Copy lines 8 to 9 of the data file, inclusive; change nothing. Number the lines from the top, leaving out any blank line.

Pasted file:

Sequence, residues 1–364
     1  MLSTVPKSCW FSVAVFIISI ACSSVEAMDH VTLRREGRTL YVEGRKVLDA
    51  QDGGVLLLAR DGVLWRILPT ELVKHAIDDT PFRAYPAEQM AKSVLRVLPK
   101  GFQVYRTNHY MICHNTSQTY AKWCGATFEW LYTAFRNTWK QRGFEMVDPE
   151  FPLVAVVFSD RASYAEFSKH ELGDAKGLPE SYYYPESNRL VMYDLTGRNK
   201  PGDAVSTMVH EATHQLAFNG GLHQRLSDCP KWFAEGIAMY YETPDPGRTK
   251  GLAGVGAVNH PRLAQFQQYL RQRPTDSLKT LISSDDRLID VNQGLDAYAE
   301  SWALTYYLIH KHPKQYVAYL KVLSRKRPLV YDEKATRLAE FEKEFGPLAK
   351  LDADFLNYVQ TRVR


   301  SWALTYYLIH KHPKQYVAYL KVLSRKRPLV YDEKATRLAE FEKEFGPLAK
   351  LDADFLNYVQ TRVR